Monday, November 24, 2014

(#54-1) November 24 2014. This English expression seems to fit. “There is nowt (nothing) so daft as folks.”




Gallup: confidence in institutions

For any society to function effectively, you need a considerable amount of trust. Rules, regulations, and the legal system can only take you so far. Anyway, any society where behavior is that tightly controlled is invariably oppressive and unpleasant to live in. There are so many variations in human behavior and circumstances that you need both flexibility and tolerance to be integral to the the culture—or to put matters another way, common human decency is a must if the business of daily life is to be tolerable.

Trust is the great enabler, and its decline is a case of concern. Because it is an intangible, and we tend to take it for granted, we don’t seem to talk about trust much—but perhaps we have reached the stage where we should. In more than a few cases, public trust in some of our institutions has sunk so low that it is impeding both their functionality—and our way of life.

Public trust has deteriorated to the extent it has for these main reasons:

The performance of the institution—or group of institutions in question. Here, Big Business is a perfect example of a sector which is deservedly held in low esteem. It has violated its social contract in numerous ways, seems to operate without a moral code, and no longer appears to have any regard for the society which allows it to function. Its offenses include overpaying its CEOs, avoiding taxes, financial engineering, exporting jobs by the million, largely removing job security, failure to implement working conditions which are the norm in other developed countries, failure to invest, the arbitrary closure of plants to the detriment of local communities, and massive destruction of the environment. In addition, you can add in numerous ways in which Big Business makes dealing with it unpleasant. These span the gamut from secrecy to quality deficiencies to deceptive practices to rigging the legal system to give it special favors.

Are there exceptions to this rather grim picture? Of course there are. There are many fine companies out there who do an excellent job, look after their employees well, and do a great deal of good for their communities. Nonetheless, it is hard not to have the feeling that they are in a minority. Accordingly, Gallup’s finding that only 21% of people have a great deal of confidence in Big Business seems reasonable.

The second main reason why trust has deteriorated is that there has been a deliberate campaign to undermine trust in government operating since the early Seventies. This has been operated by Right Wing interests for political reasons—and specifically to keep taxes on the rich and on Big Business down—and has been highly successful. It advances the argument that government is inherently less efficient at doing just about anything than the private sector—and therefore the less of it we have the better. The trouble is that the evidence does not support that. Also, there many things which are near impossible to achieve without society cooperating—and the manifestation of such cooperation is government.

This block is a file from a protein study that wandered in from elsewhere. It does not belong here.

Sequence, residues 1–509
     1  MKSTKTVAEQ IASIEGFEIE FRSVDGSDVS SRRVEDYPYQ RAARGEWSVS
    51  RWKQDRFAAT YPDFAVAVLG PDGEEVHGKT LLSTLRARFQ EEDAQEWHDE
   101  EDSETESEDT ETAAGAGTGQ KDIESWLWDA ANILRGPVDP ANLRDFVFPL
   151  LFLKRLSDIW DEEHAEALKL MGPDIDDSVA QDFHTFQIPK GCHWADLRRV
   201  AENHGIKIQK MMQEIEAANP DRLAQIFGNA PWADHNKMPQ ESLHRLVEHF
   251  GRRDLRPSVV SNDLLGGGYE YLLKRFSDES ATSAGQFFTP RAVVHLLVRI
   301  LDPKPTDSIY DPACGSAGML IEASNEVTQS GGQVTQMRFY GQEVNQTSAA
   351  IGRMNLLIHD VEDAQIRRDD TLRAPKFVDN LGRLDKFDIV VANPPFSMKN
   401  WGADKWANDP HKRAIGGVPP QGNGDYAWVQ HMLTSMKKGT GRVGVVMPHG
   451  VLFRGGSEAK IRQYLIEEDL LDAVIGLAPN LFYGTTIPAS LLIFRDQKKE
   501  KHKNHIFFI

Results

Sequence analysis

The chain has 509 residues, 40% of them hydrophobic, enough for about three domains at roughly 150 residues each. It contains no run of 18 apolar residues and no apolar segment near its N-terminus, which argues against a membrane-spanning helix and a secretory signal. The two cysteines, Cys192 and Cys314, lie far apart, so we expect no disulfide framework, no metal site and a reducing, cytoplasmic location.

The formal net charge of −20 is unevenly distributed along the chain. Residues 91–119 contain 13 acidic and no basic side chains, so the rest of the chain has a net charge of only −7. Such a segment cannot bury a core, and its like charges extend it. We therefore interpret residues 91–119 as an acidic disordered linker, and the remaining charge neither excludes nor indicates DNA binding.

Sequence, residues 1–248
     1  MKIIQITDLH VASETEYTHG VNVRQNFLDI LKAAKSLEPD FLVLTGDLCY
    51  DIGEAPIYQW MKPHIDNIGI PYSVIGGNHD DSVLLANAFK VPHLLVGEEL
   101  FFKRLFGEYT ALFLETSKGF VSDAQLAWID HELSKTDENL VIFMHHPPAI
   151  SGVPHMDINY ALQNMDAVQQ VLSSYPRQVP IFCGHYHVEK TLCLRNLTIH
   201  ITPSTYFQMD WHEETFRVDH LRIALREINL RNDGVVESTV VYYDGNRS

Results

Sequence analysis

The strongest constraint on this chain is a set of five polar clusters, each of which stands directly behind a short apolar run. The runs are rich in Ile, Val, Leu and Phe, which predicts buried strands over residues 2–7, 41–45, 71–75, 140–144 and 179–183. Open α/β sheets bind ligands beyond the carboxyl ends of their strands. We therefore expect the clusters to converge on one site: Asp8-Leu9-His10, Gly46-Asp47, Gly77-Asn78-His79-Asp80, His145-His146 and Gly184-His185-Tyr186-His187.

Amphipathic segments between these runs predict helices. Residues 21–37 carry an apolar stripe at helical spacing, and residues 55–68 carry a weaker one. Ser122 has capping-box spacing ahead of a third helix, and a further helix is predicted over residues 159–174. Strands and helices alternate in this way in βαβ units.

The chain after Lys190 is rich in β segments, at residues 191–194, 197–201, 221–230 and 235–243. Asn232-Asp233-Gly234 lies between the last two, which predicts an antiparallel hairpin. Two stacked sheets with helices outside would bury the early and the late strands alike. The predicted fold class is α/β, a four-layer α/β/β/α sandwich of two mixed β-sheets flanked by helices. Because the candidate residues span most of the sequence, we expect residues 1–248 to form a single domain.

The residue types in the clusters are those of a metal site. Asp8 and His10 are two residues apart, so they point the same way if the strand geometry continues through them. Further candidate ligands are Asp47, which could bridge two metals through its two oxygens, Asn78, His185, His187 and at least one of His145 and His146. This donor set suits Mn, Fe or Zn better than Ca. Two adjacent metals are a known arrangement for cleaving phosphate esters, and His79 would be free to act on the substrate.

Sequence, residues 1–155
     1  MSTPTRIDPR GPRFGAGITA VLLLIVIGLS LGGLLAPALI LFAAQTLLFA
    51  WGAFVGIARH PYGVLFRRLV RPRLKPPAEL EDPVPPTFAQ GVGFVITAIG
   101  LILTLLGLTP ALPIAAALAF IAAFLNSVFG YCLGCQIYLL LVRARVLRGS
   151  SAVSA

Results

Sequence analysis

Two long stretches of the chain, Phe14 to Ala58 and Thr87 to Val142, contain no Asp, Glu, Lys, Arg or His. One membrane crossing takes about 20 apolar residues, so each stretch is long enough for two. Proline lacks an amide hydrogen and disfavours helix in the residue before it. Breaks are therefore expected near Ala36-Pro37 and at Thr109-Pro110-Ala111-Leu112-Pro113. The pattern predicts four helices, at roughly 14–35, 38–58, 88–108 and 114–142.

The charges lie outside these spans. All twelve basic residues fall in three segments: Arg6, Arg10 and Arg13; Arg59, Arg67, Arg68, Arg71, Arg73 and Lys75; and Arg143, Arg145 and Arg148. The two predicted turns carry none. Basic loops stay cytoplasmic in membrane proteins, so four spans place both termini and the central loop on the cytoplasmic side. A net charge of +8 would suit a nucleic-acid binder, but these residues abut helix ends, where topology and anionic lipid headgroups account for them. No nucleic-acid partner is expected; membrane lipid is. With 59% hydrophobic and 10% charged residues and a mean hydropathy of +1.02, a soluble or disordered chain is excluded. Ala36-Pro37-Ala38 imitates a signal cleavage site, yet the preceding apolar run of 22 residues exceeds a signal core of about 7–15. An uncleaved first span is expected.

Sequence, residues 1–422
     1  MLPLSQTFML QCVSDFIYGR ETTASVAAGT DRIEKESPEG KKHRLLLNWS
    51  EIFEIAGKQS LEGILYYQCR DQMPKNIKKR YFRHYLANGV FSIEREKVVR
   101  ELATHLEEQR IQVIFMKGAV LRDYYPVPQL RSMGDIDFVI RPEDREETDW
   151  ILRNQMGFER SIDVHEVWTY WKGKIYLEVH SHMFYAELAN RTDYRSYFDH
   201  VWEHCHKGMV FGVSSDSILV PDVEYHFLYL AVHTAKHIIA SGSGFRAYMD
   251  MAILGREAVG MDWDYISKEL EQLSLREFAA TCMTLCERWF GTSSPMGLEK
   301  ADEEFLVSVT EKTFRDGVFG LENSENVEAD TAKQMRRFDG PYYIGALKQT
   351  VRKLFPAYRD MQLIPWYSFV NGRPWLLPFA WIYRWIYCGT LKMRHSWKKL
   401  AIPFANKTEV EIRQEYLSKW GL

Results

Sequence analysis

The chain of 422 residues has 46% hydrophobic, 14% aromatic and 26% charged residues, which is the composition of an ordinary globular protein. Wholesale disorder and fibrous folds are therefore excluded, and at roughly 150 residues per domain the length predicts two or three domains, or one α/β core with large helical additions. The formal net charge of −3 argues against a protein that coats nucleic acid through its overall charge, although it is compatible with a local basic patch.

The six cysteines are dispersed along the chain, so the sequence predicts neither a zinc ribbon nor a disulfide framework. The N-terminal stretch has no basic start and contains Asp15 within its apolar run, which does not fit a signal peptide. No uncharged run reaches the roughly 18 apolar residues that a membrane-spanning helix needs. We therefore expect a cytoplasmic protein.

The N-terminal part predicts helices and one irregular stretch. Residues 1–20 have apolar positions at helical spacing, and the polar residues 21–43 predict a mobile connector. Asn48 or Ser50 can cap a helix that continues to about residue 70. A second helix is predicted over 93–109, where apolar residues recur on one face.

Here, I don’t pretend that government is blameless, but merely make the point that government can be highly effective—and is right now in some other countries. In short, the issues of concern should be the caliber of the people in government together with their policies—as opposed to government itself. A further point is that if the proposed alternative to government is Big Business—which is what is normally suggested—one has to wonder on what grounds it should be considered superior.

The third main reason why people’s trust is in decline is because the economic health of most Americans has been slowly deteriorating since the Seventies. For several decades this degradation was scarcely noticed, but the Great Recession and its aftermath have shaken people to the core—and it is now fairly clear that this widespread economic insecurity is contributing to the general sourness that people feel.

A fourth main reason why people are losing faith in U.S institutions has to do with the fact that a great many members of the public are either under-informed or misinformed—and, as such, prone to rely more on prejudice than rational analysis. This relatively high level of ignorance exists for a host of reasons stretching from our inadequate education system to the poor quality of news coverage on national TV, and its effect is significant.

It would be hard to find a better example of widespread ignorance than the high regard in which people people hold the military. Here, no less than 74% of people have a great deal of confidence in it—without making any distinction between the soldiers who do the fighting—and deserve all the support they can get—and the MICC (Military Industrial Congressional Complex) which is deeply corrupt  and operates far more for the benefit of its members than the nation as a whole.

It could well be that the problem here lies far more with the question than anything else—in this specific case—but I hold to the view that blind support of the military, without knowing something of the details, is exceedingly dangerous.

It means that:

  • We spend an excessive amount of money on defense without there being any full accountability.
  • It encourages a culture in the MICC where corruption is the norm.
  • It means we embark on wars which again and again we fail to win—at vast cost in blood and treasure.

A supreme irony in relation to our high regard for both the military and police is that both are government institutions. In fact, the military in particular, are run by that very same Federal Government which so many of us profess to despise.

As for the fact that only 7% of people have confidence in Congress, I guess that figure speaks for itself.

VOR words 975

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